Saturday, February 19, 2011


For those of you who missed our sustainable agriculture event with the Center for Local Self-Reliance last Thursday, featuring "Dirt! The Movie", here's a re-cap.

The film was moving and educational, opening a discourse about the undervaluation of dirt, our source of life and sustenance. We learned that dirt is an amazingly complex living organism that requires care and balance in order to continue to produce our life source. We also got to see how dirt is used for various purposes around the world, supporting the survival of our race as a whole. I left feeling compelled to build a compost bin, and plant as much green in the open spaces around me to heal the soil that has been damaged by monoculture, pesticides, and the disconnection of city cement-laying. I'd encourage everyone to watch the film and allow it to "take root" in your personal constitution. You can visit the film's website for tips and facts about dirt and what we can do to care for it.

After the film, we heard from local expert
Walter Haugen of F.A. Farm, who brought us samples of dirt, compost, and it's fruits to smell, feel and taste. We discussed current trends in sustainable agriculture, methods and techniques for planting organically, and measuring efficiency based on caloric input. If you also have questions or comments about dirt, compost and sustainable agriculture, feel free to post your question on our blog.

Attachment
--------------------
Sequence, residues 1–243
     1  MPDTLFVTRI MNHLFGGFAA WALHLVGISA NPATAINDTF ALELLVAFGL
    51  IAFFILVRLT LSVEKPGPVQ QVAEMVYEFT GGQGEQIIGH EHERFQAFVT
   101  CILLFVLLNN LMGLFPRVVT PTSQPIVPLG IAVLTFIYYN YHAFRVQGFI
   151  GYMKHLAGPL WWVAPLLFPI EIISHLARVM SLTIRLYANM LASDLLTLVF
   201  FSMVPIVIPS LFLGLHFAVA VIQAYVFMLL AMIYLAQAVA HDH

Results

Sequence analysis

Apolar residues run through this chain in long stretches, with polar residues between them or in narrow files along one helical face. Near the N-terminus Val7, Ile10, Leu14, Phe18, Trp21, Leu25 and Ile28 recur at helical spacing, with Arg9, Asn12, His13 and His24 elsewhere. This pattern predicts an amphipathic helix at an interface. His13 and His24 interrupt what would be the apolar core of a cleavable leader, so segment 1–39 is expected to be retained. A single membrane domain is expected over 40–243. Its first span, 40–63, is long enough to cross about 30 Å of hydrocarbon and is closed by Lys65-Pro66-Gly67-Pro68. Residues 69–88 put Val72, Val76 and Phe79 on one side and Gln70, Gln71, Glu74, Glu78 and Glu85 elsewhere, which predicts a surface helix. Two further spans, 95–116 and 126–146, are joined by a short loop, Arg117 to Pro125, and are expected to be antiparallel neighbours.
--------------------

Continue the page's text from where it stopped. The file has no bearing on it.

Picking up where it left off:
Finally, Seth June of Homestead Habitats, introduced us to opportunities in our community to learn about home-sized food production, to include soil maintenance and composting. RE Sources will be hosting Homestead Habitats and BUGS' permaculture series this spring at the Sustainable Living Center. If you'd like to learn to garden, but don't have garden space, fear not! RE Sources is building a community garden this spring and is looking for curious neighbors to get their hands dirty. For more information about this upcoming educational series and to learn how you can become a garden caretaker, email

And finally, I'd like to thank the Center for Local
Self-Reliance for partnering with us on this event. Through volunteer help, CLSR has just finished installing deer fences around their gardens, and look forward to a productive season as they continue to expand the Caretaker's House. Jean Kroll, who spearheaded the film showing, is an active member of the sustainability movement in Whatcom County and a great resource. Please email CLSR if you'd like more info on their programs.

Special thanks also to the Community Food Co-op for generously donating our local, organic snacks.

Hannah Coughlin
RE Sources Outreach